Zelnorm, IBS Drug Taken Off the Market
FDA Public Health Advisory
FDA is issuing this public health advisory to inform patients and health care professionals that the sponsor of Zelnorm (tegaserod maleate), Novartis Pharmaceuticals Corporation, has agreed to stop selling Zelnorm. Zelnorm is being taken off the market because a new safety analysis has found a higher chance of heart attack, stroke, and worsening heart chest pain that can become a heart attack in patients treated with Zelnorm compared to those treated with a sugar pill they thought was Zelnorm.
FDA announces the following, effective immediately:
Zelnorm is a prescription medication approved for short term treatment of women with irritable bowel syndrome with constipation and for patients younger than 65 years with chronic constipation. In late February and early March 2007, Novartis Pharmaceuticals gave FDA the results of new analyses of 29 clinical studies of Zelnorm for treatment of a variety of gastrointestinal tract conditions; the data from all the studies were combined to assess the chance of side effects on the heart and blood vessels. In each study, patients were assigned at random to either Zelnorm or a sugar pill they thought was Zelnorm. These 29 studies included 11,614 patients treated with Zelnorm and 7,031 treated with a sugar pill. The average age of patients in these studies was 43 years and most patients-88%--were women.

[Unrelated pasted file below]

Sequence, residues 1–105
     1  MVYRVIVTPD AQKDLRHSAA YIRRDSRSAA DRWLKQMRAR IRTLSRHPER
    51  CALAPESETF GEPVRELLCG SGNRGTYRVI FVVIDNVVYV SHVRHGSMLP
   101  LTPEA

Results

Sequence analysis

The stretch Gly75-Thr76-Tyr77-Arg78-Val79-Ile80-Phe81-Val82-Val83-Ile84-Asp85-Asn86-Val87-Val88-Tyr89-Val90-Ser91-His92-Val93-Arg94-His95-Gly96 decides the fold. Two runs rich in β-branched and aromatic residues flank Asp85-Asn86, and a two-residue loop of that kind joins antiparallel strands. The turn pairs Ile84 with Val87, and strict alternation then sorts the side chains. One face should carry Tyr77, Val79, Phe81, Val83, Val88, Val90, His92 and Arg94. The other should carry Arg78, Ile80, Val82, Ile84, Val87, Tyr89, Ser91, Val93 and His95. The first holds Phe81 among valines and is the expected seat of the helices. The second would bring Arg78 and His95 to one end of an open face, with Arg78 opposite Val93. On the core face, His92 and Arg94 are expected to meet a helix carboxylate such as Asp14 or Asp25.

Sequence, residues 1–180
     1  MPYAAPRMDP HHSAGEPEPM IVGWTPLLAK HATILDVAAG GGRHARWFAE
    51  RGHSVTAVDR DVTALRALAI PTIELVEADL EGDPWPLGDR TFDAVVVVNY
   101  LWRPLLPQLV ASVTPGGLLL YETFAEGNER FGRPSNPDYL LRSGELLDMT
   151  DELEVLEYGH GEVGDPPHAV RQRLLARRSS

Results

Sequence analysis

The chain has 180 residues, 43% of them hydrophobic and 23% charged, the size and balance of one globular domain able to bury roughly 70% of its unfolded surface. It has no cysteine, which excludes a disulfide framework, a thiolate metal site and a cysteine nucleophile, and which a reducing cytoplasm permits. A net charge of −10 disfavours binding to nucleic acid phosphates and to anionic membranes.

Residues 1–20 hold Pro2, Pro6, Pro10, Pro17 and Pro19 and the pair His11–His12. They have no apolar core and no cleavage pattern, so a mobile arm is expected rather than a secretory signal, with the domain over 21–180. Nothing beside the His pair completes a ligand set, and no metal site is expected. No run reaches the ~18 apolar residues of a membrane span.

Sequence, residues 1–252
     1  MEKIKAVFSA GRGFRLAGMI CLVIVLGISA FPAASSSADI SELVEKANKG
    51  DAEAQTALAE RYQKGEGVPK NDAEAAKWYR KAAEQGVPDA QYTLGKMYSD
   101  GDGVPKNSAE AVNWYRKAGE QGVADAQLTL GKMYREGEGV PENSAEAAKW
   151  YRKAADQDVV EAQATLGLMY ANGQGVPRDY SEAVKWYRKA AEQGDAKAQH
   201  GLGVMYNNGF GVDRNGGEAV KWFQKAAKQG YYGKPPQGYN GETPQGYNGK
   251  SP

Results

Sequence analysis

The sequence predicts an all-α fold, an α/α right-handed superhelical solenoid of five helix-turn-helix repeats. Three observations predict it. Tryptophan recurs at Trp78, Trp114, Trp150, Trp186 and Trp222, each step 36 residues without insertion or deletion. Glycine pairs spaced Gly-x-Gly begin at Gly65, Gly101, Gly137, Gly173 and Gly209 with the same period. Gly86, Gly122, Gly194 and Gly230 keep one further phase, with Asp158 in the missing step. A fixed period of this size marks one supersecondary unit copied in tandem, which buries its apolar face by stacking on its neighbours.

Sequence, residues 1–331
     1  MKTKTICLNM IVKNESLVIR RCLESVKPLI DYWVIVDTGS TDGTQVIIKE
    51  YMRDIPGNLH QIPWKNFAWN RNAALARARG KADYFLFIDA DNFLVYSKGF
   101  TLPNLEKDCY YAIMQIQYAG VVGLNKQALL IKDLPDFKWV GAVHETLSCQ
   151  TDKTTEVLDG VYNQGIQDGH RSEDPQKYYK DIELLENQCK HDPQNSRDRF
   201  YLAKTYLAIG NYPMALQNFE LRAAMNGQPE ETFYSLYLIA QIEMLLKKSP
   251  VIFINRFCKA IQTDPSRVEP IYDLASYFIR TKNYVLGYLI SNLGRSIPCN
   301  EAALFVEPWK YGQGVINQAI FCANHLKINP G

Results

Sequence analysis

The number of patients who suffered a heart attack, stroke or severe heart chest pain that can turn into a heart attack was small. However, patients treated with Zelnorm had a higher chance of having any of these serious and life-threatening side effects than did those who were treated with a sugar pill. Thirteen patients treated with Zelnorm (0.1%) had serious and life-threatening cardiovascular side effects; among these, four patients had a heart attack (one died), six had a type of severe heart chest pain which can quickly turn into a heart attack, and three had a stroke. Among the patients taking the sugar pill, only one (or 0.01%) had symptoms suggesting the beginning of a stroke that went away without complication.